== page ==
Framework for an rtc convention

Framework for an rtc convention

As envisioned here, a Convention on the right to communicate will have two main parts: a clear description that leads to a common understanding of the right; and, a formal definition that can be embodied in a binding convention of the right. Description prepares for definition.

At the outset, it is essential to distinguish between description and definition. The intent here is to describe the right to communicate clearly enough to facilitate various lines of thought and action. In time, a common understanding of the right can be expected to emerge. With such an understanding as a foundation, a formal definition of should become possible within the context of a Conventionor equivalent instrument. As Unesco has demonstrated, absent a common understanding, a definition of the right will be illusive.

Description

A multi-layer description of the right to communicate is set forth below: fundamental, inclusive and comprehensive. It has been distilled from a wide range of activities and across decades. Even so, it has no formal standing.

Fundamental

In this multi-layer framework, the first layer begins to differentiate the right to communicate from the other human rights included in the UDHR.

The right to communicate is a fundamental and inclusive human right; it is both a

  • natural right of the human person and a
  • prerequisite for the exercise of other human rights.

This fundamental right enriches the common heritage of humankind.

Today, it is understood that this right is a prerequisite for the exercise of other, some would say, all, human rights. For that reason alone, it is essential.

A framework for this right must accommodate two perspectives: the fundamental and the inclusive. From the fundamental perspective, agreement that everyone has the right to communicate appears to be commonplace. From the inclusive perspective, however, the exercise of any specific communication right may, at times, generate intense debate, even conflict. Such debate often focuses on communication freedoms and on communication responsibilities.

At the core of this fundamental right is the basic and universal claim that everyone has the right to communicate. Attached closely to this core and inseparable from it emerge three classes of specific communication rights: association rights, information rights, and global rights.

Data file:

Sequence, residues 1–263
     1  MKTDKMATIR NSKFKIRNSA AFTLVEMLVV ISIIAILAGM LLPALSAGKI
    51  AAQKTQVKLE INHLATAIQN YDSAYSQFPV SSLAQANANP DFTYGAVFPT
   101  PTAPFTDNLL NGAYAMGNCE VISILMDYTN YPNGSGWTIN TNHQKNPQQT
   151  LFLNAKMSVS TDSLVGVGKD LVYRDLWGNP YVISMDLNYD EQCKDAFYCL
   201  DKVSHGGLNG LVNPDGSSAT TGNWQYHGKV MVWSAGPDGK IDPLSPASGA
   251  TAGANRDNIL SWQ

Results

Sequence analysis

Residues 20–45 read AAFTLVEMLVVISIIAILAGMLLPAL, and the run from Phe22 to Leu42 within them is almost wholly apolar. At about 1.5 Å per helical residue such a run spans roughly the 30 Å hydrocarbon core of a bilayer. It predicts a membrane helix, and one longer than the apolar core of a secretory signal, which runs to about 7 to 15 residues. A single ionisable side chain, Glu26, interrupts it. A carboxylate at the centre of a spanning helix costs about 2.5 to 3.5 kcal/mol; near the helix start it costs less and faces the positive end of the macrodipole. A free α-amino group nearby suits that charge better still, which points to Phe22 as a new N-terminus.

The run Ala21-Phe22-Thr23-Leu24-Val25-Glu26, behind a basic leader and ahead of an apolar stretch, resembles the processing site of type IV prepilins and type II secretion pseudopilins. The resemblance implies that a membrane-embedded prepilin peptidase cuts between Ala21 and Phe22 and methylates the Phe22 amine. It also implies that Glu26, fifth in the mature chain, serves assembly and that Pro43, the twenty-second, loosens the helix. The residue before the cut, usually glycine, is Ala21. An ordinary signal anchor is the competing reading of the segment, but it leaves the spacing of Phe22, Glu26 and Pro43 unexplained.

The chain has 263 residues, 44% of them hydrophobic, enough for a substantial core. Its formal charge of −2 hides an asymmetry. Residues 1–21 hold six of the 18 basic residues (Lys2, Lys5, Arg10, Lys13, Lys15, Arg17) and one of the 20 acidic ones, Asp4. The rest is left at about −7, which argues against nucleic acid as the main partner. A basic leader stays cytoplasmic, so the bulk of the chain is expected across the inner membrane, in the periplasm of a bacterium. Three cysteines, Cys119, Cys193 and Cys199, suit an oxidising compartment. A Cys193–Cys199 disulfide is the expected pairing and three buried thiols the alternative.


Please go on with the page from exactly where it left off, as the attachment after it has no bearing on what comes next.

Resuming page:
This description of the right to communicate also uses Article 19 of the UDHR as a touchstone, as others have done. In its entirety, Article 19 reads:

Everyone has the right to freedom of opinion and expression; this right includes the freedom to hold opinions without interference and to seek, receive and impart information and ideas through any media and regardless of frontiers.

The bias of Article 19 is toward a transmission view of communication processes, a view consistent with the dominant one-way print and broadcast technologies of the 1940s. In addition to Article 19, several other articles in the UDHR contain elements essential to an interactive and participatory right to communicate. Note also the phrases: without interference; and, regardless of frontiers.

The specific rights and freedoms listed in Article 19 are included here under the fundamental right to communicate. However, the right to freedom of opinion and expression is consolidated under the ancient term, that is, the right to speech, as is consistent with the preamble of the UDHR. The terms used for the right to seek, receive and impart information have been re-cast and re-ordered to be compatible with an interactive view of the communication and information processes: to inform, to be informed and to inquire. And, assembly, participation, privacy, and culture have been imported from other UDHR articles and recast. A new right to choose has been added.

Specific communication rights that are not included in Article 19 are drawn from other articles of the UDHR for this global and interactive description of the right.

  • Assemble. Article 20: Everyone has the right to peaceful assembly ...
  • Participate. Article 21: Everyone has the right to take part in ... and, Article 27: Everyone has the right to freely participate ...
  • Privacy. Article 12: No one shall be subjected to arbitrary interference with his privacy ...
  • Culture. Article 27: Everyone has the right to ... the cultural life of the community ...
  • Choice. Not specifically included in the UDHR but implicit in the UDHR as a whole.

In sum, nine specific communication rights are included in this description: four from Article 19, four from other Articles, and one from the UDHR as a whole.

The second layer of an inclusive framework for the right to communicate is displayed below:

Association rights Information rights Global rights Assemble Inform Privacy Speech Informed Choice Participate Inquire Culture ... ... ...

The three dots signify that from time to time any two specific communication rights may be consolidated or that new specific rights may be added as circumstances warrant. In that sense, the right to communicate is an open and flexible concept; this framework anticipates that the right will evolve and expand in the decades - perhaps, centuries - ahead (Harms, 2001).